Addressing Annual Summer Gas Price Jump

By Max Resnik

February 9, 2012 Updated Feb 9, 2012 at 1:32 PM EDT

FORT WAYNE, Ind. (Indiana’s NewsCenter) – With winter winding down and spring in sight, some analysts are once again predicting $4 for a gallon gas by the beginning of summer.

One reason for the annual belt-tightening prediction is continued unrest in the Middle East. Added to that, refineries will switch their formulations to meet stricter environmental standards as demand in fuel increases with better weather.

Michael Himes, CEO of Petroleum Traders, says he is not buying the notion that gas could catapult 60 cents between now and May. He says analysts make too many predictions.

“They're bound to be right on some, same as they're going to be wrong on some. This one feels like they're going to be wrong. There's absolutely nothing fundamental in supply right now that would support rising prices, let alone 60 cents a gallon.”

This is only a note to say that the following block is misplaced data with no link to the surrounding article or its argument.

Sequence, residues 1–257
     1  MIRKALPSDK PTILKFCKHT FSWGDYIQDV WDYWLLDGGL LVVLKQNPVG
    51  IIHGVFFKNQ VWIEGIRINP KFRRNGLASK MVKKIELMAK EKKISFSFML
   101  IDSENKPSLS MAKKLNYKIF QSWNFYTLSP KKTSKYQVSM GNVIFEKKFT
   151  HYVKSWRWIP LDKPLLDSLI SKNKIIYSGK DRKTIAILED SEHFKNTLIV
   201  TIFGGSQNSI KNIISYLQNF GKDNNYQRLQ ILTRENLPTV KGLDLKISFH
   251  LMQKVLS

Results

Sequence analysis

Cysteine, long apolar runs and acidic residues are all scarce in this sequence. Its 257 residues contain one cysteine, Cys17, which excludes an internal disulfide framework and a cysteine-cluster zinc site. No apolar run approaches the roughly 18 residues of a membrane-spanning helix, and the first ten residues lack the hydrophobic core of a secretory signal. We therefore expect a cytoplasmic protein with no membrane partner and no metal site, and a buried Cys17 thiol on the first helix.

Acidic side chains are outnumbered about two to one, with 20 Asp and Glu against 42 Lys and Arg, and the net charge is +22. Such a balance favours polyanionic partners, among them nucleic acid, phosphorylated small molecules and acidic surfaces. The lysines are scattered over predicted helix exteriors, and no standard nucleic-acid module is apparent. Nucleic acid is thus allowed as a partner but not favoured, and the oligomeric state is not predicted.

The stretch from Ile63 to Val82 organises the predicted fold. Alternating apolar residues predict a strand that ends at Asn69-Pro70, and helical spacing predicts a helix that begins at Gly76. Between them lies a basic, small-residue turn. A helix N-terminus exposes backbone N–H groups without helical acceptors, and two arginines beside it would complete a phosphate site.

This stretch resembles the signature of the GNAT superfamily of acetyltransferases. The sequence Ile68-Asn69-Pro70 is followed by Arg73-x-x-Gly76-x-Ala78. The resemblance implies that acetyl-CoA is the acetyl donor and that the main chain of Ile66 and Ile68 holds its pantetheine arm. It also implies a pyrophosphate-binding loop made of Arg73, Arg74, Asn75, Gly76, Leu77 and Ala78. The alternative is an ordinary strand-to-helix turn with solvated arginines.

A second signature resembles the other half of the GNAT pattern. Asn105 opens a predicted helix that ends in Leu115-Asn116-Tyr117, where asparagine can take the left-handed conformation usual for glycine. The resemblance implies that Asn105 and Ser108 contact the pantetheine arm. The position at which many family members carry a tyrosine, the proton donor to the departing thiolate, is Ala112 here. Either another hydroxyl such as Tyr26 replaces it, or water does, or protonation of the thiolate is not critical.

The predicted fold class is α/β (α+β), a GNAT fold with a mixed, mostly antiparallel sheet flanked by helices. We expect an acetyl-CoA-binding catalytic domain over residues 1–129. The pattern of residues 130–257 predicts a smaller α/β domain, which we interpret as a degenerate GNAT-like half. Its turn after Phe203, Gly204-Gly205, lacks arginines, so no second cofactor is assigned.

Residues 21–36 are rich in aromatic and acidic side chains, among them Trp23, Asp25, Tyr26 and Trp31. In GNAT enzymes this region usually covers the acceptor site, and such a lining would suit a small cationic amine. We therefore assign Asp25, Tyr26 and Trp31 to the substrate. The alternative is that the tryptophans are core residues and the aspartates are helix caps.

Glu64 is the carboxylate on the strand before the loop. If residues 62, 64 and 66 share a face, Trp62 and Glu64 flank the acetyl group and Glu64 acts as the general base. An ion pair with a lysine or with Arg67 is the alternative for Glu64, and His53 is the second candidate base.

Himes says analysts, as well as consumers, too often fall into making $4 per gallon gas a self-fulfilling prophecy. He says industry standards and consumer standards should not be the same.

“That seems to be the scenario every year as we come up to July 4. I think it’s an industry standard. Unfortunately, it shouldn’t be a consumer standard.”

And when it comes to measuring the impacts of Middle East tension, especially in Syria, Himes says those impacts are not always an indication of price.

“Yes, it gets used a lot- Mid East Tensions to hyperventilate prices to the upside. By the same token, it varies a lot. Right now, what’s going on in Syria doesn’t really seem to have significant impact on oil prices.”

Himes says high pump prices are inevitable, but he is not buying the idea of a 60 cent rise.

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